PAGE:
“Since I’ve gone to school, my life has changed…”
Here is an interview recently conducted by Fatoumata Coulibaly, the president of our sister organization in Mali, with Awa Coulibaly (no relation).
Translated by Sophie C., Bethesda Chevy Chase HS School Girls Unite member
I was born in 1998 in Sanandjè (located about 75 km from the capital city of Bamako). I started receiving scholarships in 2005, thanks to Les Filles Unies and SGU. My parents didn’t have the money to send me to school so this scholarship allowed me to have access to an education. It was a lucky opportunity for me to go to school. Thank God since I started school, I haven’t had to repeat one class between my 1st and 9th year.
My father died as I was taking an exam (during my 9th year in 2013). It was a very difficult time for me. I will never forget that day. I was living in Warala at my grandmother’s in order to pursue my studies. My father had always pushed and encouraged me to continue with my studies. My older brother wanted me to get married but my father didn’t agree. He was a great supporter of me and my schooling.
During the second cycle (7th, 8th, and 9th year) the only problem I had was that some teachers with bad intentions wanted to sully me. I don’t know why, but I fought it because my hope was to follow my studies, to move forward, to finish that second cycle. [Les Filles Unies reported Awa’s situation to the regional school district authorities which helped to stop this sexual harassment.]
I can say that after experiencing both primary and secondary school, there’s a difference because you recognize the importance of education in these upper grades classes. And right after lower secondary school, you go to high school and it’s located in a large city (Bamako) so you have to obtain the DEF: Diplôme d’étude Fondamentale.[One reason why the majority of girls in Mali never advance this far is they have to pass this entrance exam for upper secondary school.]
After passing my DEF, I went to live with my older sister in Dialakorodji (near Bamako) to continue my studies—my sister didn’t go to school and her life is very difficult. Our home is located in a neighborhood far away from the city.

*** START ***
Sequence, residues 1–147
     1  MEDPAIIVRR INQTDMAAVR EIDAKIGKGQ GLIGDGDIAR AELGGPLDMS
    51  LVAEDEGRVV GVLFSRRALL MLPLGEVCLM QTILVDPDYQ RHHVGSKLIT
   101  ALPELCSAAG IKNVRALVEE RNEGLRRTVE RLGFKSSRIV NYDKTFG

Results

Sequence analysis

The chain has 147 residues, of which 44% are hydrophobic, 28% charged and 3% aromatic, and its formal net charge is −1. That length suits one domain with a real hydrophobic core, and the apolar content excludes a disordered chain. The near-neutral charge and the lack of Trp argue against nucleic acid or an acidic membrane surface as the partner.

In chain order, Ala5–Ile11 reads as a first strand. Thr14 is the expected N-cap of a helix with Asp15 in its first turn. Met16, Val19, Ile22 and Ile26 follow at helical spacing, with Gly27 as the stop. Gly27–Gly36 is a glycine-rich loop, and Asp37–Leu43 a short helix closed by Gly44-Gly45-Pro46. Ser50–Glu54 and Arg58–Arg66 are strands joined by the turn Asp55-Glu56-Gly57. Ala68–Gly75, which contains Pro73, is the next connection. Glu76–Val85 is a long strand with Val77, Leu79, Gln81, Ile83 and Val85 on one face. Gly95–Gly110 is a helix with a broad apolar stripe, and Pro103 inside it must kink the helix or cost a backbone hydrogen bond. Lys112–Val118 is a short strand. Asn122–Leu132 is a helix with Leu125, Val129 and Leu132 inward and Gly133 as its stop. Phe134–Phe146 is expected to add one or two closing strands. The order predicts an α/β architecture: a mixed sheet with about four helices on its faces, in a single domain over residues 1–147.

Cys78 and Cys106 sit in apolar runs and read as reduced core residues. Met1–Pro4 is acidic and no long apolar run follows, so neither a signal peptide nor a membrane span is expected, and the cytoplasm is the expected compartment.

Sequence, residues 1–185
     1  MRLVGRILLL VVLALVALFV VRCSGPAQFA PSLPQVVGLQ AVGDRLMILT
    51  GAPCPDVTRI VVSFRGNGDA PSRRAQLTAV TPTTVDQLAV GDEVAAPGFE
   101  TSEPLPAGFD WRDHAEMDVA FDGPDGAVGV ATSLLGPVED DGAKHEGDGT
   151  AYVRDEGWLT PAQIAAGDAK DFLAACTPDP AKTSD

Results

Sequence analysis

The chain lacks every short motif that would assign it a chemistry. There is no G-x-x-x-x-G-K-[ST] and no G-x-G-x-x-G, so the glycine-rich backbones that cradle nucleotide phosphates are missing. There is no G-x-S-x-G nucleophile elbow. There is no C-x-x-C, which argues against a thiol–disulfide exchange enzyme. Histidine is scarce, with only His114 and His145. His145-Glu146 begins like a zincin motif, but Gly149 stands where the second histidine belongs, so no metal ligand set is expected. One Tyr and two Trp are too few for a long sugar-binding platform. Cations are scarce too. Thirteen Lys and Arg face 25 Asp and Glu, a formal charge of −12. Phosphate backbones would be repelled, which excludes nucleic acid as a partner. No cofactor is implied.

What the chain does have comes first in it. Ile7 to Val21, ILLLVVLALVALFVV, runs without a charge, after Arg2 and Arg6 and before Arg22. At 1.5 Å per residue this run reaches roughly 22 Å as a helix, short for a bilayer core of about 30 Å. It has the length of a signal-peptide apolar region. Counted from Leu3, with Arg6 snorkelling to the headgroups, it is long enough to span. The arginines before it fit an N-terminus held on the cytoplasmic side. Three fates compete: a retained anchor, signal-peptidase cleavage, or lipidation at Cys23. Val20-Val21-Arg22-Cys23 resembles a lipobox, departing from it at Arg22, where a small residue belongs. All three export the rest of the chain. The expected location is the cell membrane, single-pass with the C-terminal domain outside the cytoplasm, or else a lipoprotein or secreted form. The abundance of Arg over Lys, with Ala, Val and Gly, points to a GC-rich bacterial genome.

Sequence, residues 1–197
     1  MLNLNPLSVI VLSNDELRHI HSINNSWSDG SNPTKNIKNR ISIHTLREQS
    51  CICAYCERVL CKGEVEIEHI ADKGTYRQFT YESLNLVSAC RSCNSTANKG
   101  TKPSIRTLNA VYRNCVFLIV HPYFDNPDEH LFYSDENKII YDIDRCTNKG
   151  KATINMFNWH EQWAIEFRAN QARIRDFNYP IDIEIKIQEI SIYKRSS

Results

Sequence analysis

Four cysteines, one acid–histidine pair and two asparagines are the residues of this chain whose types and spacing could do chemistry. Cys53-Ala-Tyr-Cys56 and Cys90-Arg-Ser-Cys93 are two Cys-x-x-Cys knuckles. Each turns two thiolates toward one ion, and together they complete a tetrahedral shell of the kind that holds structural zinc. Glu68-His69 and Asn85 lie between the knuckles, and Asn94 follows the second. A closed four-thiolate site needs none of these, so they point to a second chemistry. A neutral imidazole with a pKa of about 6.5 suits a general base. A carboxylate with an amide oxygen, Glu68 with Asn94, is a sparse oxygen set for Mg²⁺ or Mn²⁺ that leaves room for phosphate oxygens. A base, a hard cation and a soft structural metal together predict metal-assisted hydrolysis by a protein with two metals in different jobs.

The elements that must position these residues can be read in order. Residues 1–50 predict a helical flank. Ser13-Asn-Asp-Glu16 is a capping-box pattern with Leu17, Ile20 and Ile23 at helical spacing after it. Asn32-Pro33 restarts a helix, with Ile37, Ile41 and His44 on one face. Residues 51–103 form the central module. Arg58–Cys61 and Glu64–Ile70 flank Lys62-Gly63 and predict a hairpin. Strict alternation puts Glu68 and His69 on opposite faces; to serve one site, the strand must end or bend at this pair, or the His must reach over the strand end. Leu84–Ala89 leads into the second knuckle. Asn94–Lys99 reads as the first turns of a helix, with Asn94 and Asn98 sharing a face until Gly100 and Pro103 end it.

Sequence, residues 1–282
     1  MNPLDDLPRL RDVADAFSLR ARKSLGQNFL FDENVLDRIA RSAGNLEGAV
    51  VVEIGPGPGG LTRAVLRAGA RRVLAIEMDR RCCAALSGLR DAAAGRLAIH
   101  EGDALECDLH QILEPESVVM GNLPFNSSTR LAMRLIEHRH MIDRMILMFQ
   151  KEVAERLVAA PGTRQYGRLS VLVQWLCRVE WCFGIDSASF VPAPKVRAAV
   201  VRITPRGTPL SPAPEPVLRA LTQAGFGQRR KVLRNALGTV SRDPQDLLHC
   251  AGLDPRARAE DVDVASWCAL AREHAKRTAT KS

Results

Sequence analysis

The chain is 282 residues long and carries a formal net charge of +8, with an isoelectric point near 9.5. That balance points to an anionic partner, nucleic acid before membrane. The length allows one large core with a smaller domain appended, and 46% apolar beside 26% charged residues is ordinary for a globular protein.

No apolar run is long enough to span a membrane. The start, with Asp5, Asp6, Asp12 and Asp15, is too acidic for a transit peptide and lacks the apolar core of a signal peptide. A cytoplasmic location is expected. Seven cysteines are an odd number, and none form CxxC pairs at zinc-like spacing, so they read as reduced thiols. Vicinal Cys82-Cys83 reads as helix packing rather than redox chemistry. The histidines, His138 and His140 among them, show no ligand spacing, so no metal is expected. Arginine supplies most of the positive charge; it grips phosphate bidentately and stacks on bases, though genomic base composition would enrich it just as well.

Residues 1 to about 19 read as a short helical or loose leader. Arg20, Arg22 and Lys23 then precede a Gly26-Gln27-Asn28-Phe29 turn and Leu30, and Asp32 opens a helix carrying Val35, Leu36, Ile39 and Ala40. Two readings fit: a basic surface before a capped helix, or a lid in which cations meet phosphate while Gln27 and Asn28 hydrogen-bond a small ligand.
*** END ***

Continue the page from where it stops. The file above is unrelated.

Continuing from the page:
Djiguiya de Dialakorodji is the name of my school. It includes a high school and a technical school. I chose the technical school to study to become a secretary because I would like to be the secretary of an office. I have to study four years after the DEF to qualify to be a secretary—it is called BT2. Going to high school would be too complicated—I would have to get my baccalaureate and it would not be easy for me, and then there would be university. I am not in a situation that would allow me to go to university. No means of transportation or food, I can’t pursue long studies.
I am calling on the Education Ministry and the people in power to improve the education system, especially in rural areas where we need more classes and we at least need more higher level schools. For example, I went to a primary school in Sanandjè, then had to move to my grandmother’s in Warala for secondary school, and afterwards to my sister’s for technical high school. Most of the students give up on school because of this sort of problem and lack of opportunity.
All I can say to Les Filles Unies and School Girls Unite is that they have to go on with their program of sponsorship because kids in the rural areas need that help to get the opportunity to go to school. You give us what we need for school: backpacks, books, journals, etc. You provide for every girl you sponsor, you pay for their school year. What you do for us is amazing, our parents don’t have to worry anymore about our schooling and the things we need.
I thank the FU/SGU very much for sending me to school. Without them I wouldn’t be in the place I am today. Since I’ve gone to school my life has changed. Being educated is very important. I am respected, I see things differently than someone who has no schooling. My education has helped me understand many things in life.
Thanks to my education my life has changed for the better, I have come out of the darkness. Thank you so much to Les Filles Unies & School Girls Unite, God bless you.